|Photo by August de Richelieu by Pexels|
By Judith Persichilli
Commissioner, New Jersey Department of Health
As summer approaches and New Jersey continues to gradually reopen based on improving data, it may be tempting for residents to resume life as if COVID-19 never happened.
But the pandemic is not over. Despite the number of cases falling, the virus is still circulating. Many of those who have tested positive for COVID-19 have not exhibited any symptoms. The best way to stop its spread and prevent the resurgence we’ve seen in other states that have reopened their economies is through robust testing and contact tracing.
New Jersey recently passed the 1 million mark in diagnostic tests performed in the state. We need to continue this trend to slow the transmission of the virus. Testing is vital to identify positive cases quickly, trace contacts and encourage them to get tested, self-isolate and monitor for symptoms.
Since the pandemic began, the Murphy Administration has worked aggressively to ramp up testing. Today, testing is available for all residents who want it or need it. There are more than 250 testing sites.
As the outbreak spread, it further exposed and underscored long-standing health and economic inequalities in our nation and state. Residents of communities of color have been disproportionately impacted due to barriers in health care and testing, as well as having a higher prevalence of underlying medical conditions that increase their risk for serious complications and death.
To help reach underserved populations and urban areas, we are working to offer greater access to testing through mobile and walk-up sites in partnership with local public health departments, community and faith leaders, and the private sector.
It’s especially important to get tested if you:
Are experiencing symptoms including fever, cough, shortness of breath, chills, sore throat, muscle pain, shivering, headache, or new loss of taste or smell.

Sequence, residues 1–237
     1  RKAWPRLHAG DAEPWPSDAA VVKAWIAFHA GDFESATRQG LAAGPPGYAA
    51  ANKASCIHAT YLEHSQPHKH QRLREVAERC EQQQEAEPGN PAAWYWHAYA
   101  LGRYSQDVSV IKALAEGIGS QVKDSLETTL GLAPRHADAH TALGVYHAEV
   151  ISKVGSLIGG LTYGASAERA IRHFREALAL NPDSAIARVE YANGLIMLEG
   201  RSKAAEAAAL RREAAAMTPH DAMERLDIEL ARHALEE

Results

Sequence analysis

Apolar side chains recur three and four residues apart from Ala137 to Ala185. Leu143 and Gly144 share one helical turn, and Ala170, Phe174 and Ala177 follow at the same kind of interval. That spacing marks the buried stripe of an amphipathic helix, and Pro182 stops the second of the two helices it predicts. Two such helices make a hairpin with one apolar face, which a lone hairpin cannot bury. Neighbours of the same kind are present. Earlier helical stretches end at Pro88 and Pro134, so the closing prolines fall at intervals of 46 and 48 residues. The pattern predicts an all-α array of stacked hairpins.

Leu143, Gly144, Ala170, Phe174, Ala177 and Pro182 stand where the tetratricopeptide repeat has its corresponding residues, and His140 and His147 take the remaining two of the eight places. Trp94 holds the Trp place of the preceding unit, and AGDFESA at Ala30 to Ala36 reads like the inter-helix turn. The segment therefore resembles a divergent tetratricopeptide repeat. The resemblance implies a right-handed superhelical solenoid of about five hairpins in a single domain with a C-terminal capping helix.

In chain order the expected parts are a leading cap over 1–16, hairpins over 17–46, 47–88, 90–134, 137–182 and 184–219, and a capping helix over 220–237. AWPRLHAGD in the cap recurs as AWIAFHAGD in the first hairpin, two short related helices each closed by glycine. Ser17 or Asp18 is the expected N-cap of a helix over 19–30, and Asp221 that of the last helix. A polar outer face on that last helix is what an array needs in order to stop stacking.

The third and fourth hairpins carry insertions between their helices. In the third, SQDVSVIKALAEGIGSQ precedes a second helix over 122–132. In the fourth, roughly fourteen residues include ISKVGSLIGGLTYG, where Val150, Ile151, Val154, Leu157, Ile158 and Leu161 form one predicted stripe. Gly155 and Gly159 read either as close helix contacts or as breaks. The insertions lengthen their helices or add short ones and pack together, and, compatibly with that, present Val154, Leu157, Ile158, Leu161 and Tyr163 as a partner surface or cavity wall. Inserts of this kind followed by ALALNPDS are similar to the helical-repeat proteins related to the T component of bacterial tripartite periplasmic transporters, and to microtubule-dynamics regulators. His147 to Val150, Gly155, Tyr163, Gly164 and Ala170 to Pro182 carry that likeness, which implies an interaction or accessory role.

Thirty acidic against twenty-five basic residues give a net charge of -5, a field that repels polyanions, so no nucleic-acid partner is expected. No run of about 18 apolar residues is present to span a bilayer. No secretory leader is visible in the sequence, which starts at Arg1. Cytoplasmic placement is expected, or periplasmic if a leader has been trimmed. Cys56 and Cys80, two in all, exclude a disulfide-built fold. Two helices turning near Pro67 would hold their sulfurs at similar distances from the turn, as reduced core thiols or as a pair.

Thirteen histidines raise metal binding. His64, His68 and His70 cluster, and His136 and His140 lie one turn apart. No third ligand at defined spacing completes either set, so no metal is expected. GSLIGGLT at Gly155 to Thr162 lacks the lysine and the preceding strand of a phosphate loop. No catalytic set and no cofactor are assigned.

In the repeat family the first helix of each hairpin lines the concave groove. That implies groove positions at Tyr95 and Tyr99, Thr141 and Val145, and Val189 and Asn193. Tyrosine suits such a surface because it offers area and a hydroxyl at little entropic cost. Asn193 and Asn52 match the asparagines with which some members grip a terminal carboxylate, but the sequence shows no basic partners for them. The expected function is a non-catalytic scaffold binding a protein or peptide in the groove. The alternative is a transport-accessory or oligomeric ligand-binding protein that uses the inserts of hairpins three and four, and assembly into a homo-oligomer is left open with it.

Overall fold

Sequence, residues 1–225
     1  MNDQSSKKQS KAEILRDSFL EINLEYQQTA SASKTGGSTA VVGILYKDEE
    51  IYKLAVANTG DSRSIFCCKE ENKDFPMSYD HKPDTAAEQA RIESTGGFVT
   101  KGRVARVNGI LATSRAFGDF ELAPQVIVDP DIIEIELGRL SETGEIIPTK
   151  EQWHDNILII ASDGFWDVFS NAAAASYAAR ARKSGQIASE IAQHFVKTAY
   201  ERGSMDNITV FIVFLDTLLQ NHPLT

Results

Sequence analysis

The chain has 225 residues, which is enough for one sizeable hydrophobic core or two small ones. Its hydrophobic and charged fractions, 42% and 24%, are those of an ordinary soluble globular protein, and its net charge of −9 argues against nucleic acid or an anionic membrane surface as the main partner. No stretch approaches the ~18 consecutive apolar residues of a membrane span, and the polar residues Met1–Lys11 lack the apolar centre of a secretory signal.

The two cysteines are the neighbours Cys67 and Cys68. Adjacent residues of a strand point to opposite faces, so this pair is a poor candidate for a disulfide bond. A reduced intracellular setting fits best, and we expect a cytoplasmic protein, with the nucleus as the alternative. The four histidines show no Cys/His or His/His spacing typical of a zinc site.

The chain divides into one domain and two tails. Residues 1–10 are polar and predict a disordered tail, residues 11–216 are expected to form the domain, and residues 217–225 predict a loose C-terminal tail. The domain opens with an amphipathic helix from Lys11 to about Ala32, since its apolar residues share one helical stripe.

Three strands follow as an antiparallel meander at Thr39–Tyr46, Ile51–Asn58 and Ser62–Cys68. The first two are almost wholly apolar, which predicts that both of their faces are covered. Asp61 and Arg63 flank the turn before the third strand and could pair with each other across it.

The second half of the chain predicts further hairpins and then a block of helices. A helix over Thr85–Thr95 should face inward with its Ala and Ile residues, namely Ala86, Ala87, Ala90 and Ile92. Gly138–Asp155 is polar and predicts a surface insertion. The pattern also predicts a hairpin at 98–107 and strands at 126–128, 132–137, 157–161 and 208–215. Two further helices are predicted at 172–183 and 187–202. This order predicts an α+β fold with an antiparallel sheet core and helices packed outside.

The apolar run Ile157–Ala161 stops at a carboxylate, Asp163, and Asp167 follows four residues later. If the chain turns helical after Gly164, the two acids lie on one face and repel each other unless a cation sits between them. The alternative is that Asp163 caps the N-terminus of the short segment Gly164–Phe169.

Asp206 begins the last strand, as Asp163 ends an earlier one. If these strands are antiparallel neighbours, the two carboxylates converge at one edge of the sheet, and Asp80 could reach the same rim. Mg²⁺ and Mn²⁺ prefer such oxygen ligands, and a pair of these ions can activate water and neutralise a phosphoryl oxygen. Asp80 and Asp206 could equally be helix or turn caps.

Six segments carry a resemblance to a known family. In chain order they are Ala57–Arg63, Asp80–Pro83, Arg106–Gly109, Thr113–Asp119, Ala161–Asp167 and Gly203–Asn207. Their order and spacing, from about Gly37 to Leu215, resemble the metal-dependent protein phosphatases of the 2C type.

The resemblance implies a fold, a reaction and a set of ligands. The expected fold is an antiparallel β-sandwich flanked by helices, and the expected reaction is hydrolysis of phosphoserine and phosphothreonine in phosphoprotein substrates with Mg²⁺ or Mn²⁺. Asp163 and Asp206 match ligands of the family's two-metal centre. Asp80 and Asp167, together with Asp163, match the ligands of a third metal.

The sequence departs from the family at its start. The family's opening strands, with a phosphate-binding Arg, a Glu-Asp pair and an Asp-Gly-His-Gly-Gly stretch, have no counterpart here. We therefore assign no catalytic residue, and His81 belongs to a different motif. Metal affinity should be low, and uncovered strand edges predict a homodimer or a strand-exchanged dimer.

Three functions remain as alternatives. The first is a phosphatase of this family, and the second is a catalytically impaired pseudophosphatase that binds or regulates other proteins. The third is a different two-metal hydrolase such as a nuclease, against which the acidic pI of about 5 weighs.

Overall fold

Have been in close contact with someone who tested positive for COVID-19
Are an essential worker (health care professional, transit worker, first responder or food service worker).
You have participated in a large gathering—like a demonstration or march —where you may not have been able to maintain social distancing.
Along with testing, it is also important to track the virus once someone tests positive.
New Jersey’s local and county health departments are at the center of our contact tracing efforts, with some 800 contact tracers already on the job. To boost their ranks, the state is working with the Rutgers School of Public Health to develop a contact tracing curriculum that will help us to recruit, train and deploy 1,600 additional tracers by the end of June.
Contact tracers will only call if you have tested positive for COVID-19 or because you may have come in close contact with someone else who did. It’s critical that you answer the call and provide important information that will help you and help to prevent further disease transmission in your community.
Trained contact tracers will provide information on how you can protect those around you from getting sick, such as isolating yourself. They will tell you about available community supports such as job protection measures, pandemic unemployment benefits, child care resources and food assistance through NJ SNAP and WIC. If necessary, they will be able to link you to services to support you during your self-isolation period.
Any information collected through contact tracing will be kept confidential. The contact tracer will not reveal your name or COVID-19 status to your contacts – that information will only be provided to public health officials. They will never ask for your social security number, financial information or immigration status. Your cell phone or GPS location won’t be tracked, and the confidential information you provide will never be shared with immigration or law enforcement.
New Jersey is a very diverse state. We are working to ensure that as many of these new contact tracers as possible come from and reflect the diversity of the communities they will be working in. We expect that they will be able to effectively communicate and engage with individuals who speak other languages and have diverse cultures.
In order to be successful, we need to ensure residents are familiar with and trust the process. We have been reaching out to public health officers, community and interfaith leaders and elected officials so they educate their residents on these public health tools.
These efforts will help us build a stronger and safer New Jersey, and for us to be successful, we are counting on everyone to participate and cooperate.
Do your part: Get tested to ensure your health and safety and that of your loved ones. And if a contact tracer telephones you, take the call. You can save a life.
Visit COVID19.nj.gov/testing to find a site or talk to your doctor, local pharmacist or community health clinic. If you are uninsured, call 211 to locate a free COVID-19 testing site.
Judith Persichilli is Commissioner of the New Jersey Department of Health